“McCormick’s professional resume gives me a lot of confidence,” said Betsy Wiley, head of the Indiana Institute for Quality Education, a local school reform organization whose Political Action Committee has contributed $10,000 to McCormick’s campaign. “When you look at the people that the (state superintendent) works directly with, which is obviously our teachers and administrators, she’s been all of that.”
But others say they need to hear a lot more before they can assess her fitness for the job.
“I don’t really see anything yet,” said Teresa Meredith, president of the Indiana State Teachers Association. “I have nothing to say about her.”
While McCormick’s statewide plans are still in the works, her colleagues and friends in Yorktown said she’s been plenty busy making things happen at a local level.
“If she has to adjust her path to be able to succeed in what she’s trying to accomplish, she very quickly can do that,” said Mary Ann Stroeh, a retired Yorktown teacher who’s known McCormick for more than a decade. “And she does it with enthusiasm.”
Much like former Republican Indiana superintendents Suellen Reed and Tony Bennett, McCormick has spent her career since leaving the classroom in school administration. She worked first as a teacher in Yorktown schools, then a principal, then assistant superintendent and, beginning in 2010, superintendent.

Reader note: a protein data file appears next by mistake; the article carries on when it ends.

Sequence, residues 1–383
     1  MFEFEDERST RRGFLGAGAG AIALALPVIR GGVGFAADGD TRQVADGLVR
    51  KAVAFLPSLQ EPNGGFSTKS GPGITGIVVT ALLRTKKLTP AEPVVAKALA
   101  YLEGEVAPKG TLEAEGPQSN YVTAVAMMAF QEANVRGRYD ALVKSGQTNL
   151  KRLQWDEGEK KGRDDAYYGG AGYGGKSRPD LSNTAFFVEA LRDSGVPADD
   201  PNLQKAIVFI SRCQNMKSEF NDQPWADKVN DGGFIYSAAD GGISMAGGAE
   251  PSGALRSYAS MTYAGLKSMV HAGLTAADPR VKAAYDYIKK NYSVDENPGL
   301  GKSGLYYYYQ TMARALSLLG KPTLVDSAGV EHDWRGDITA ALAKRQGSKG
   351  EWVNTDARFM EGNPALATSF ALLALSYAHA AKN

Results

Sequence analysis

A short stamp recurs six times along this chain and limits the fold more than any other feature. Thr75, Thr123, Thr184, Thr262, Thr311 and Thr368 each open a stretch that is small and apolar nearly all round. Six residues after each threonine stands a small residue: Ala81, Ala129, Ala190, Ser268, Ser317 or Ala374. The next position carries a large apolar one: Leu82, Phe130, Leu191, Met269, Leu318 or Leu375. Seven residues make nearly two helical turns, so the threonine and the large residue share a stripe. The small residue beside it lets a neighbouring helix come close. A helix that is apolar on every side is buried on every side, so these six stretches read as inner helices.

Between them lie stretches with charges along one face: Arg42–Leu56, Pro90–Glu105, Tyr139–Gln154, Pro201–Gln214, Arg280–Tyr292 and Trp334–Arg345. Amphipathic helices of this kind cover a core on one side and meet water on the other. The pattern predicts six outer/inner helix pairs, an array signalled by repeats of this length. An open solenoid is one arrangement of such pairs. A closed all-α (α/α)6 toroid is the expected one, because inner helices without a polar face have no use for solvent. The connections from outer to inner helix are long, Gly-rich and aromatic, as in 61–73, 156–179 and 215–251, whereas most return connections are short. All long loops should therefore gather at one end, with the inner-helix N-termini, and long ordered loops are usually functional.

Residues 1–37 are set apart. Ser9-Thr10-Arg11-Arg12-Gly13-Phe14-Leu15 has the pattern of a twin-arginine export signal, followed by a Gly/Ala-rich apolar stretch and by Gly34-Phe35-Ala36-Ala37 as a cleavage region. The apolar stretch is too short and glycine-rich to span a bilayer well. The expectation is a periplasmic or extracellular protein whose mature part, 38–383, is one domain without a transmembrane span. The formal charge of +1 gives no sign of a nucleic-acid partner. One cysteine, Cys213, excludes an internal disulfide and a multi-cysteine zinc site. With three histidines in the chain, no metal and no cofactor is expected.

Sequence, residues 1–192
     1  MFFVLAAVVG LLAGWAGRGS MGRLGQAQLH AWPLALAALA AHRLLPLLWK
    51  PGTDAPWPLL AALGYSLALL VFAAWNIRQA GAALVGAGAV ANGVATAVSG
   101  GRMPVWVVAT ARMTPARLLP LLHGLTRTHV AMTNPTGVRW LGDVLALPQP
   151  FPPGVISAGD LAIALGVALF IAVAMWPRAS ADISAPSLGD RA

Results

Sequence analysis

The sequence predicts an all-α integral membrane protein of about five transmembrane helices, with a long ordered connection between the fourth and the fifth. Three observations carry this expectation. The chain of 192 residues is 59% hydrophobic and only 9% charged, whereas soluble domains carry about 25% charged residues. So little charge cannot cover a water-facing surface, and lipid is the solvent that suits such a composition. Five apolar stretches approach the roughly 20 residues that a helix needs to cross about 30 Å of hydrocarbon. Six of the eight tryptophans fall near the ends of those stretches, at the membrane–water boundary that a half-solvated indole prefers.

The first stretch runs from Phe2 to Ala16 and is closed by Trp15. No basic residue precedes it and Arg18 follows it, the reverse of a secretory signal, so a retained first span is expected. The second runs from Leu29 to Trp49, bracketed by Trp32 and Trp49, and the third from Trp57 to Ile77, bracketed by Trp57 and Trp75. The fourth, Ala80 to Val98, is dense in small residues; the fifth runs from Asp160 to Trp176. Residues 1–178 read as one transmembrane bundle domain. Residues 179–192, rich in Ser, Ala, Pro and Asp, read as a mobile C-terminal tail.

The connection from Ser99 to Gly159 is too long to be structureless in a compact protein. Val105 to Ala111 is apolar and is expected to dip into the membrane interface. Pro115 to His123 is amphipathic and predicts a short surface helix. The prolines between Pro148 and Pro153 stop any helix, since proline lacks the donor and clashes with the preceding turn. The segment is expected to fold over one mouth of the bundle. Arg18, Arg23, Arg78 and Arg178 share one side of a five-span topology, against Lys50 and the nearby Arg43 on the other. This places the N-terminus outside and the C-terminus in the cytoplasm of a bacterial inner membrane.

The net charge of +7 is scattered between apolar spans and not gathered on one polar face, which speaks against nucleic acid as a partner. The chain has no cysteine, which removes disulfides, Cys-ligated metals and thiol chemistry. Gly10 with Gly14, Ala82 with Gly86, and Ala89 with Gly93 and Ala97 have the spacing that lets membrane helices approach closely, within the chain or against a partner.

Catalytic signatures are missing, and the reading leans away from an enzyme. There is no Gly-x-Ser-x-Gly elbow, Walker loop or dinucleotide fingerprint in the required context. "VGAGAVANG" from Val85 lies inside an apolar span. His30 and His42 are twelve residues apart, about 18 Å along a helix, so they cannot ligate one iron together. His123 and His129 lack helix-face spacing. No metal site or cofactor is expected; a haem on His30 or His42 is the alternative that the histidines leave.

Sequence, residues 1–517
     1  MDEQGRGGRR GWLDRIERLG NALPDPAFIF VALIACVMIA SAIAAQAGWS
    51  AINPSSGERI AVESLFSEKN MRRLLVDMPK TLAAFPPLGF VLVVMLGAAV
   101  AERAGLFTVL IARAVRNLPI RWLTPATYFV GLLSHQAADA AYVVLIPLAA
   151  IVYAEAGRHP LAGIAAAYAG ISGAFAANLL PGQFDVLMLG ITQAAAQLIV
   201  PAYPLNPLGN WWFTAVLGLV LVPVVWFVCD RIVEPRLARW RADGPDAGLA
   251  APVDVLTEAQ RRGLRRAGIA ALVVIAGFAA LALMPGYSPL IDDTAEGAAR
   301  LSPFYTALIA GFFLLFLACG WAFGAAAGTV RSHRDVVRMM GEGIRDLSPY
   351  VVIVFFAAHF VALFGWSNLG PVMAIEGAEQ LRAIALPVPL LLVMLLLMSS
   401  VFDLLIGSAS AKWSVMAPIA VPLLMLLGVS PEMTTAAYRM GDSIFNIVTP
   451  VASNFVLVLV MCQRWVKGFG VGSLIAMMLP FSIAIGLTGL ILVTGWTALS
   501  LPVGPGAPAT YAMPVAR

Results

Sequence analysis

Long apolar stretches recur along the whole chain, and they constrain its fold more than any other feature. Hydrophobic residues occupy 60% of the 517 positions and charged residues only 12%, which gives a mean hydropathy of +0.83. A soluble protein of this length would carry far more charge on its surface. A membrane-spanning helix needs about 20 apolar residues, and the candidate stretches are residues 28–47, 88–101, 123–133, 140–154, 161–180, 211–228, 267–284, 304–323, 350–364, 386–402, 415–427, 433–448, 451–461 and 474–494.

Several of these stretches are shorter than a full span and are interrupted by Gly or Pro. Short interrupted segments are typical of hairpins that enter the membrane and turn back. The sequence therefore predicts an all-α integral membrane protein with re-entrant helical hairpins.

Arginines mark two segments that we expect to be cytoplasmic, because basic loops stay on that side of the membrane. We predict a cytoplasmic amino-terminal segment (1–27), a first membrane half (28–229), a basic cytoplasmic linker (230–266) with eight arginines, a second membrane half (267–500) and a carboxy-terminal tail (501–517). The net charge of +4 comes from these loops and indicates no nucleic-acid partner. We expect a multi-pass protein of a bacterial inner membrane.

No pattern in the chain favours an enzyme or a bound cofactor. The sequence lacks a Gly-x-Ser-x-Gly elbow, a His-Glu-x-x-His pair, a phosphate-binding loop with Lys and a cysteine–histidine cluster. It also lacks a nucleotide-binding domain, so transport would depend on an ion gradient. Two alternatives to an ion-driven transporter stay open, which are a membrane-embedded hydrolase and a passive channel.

Her school district is wealthier, whiter and faces few of the challenges that confront urban and rural districts across the state. It also gets some of the state’s top results. Almost 97 percent of high school seniors graduated in 2015. And even when the ISTEP test became much more difficult in 2015 as compared to prior years, more than 60 percent of Yorktown students passed.
Yorktown school board president Tom Simpson said McCormick helped the district become one of the first in the state to provide tablets and computers to every student. She also played a key role in making sure teachers were trained in how to effectively use the new technology in the classroom, Stroeh said.
“It’s interesting to watch her with the people who’ve been in education a long time who are now on-board through the training she provided,” Stroeh said. “That isn’t always easy to do.”
In more than a decade as an administrator, McCormick has helped steer Yorktown as it is has struggled to keep up with its growing population and aging facilities, Stroeh said.
“As a superintendent now under the school board, they’ve had to just change the pathway to be able to keep the schools up as best as they can,” Stroeh said. “(McCormick) has done a good job of using the money she has and being able to do what needs to be done.”
Simpson, who’s worked with McCormick since she was a teacher in the district, said her leadership and ability to collaborate made her a clear pick when the time came to hire a new superintendent in 2010. Her ability to analyze, communicate and lead will serve her well in a statewide position, he said.
“We knew we were extremely fortunate to have her and thought that bigger and better things were in the future,” Simpson said.
McCormick said she’s not worried about her relative lack of experience in state policy. She’s confident she can ramp up her knowledge and skills in time to make key policy decisions.
“Obviously at the local level that’s what I do as superintendent,” McCormick said. “I work closely with the school board to delve into policy.”
Read our profile on Glenda Ritz, who’s running for a second term as Indiana state superintendent.